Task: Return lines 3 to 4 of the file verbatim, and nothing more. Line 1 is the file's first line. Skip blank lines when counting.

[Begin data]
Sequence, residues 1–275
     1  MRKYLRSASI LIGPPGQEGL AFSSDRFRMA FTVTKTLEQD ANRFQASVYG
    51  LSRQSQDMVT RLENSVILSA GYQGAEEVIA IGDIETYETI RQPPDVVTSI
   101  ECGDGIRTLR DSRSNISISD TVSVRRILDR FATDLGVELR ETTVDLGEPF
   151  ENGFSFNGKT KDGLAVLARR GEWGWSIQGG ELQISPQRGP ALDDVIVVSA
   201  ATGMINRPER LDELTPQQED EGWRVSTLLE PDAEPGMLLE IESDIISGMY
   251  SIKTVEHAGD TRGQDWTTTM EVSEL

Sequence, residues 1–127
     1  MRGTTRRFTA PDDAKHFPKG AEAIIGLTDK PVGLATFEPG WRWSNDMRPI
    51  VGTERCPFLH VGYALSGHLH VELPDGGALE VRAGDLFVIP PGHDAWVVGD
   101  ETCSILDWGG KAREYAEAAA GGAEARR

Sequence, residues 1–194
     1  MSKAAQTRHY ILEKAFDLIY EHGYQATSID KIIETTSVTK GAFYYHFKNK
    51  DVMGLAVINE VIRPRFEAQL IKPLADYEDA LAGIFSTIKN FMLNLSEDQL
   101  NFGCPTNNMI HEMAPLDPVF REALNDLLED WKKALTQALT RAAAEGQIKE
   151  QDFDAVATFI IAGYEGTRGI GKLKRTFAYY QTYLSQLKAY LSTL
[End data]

    51  LSRQSQDMVT RLENSVILSA GYQGAEEVIA IGDIETYETI RQPPDVVTSI
   101  ECGDGIRTLR DSRSNISISD TVSVRRILDR FATDLGVELR ETTVDLGEPF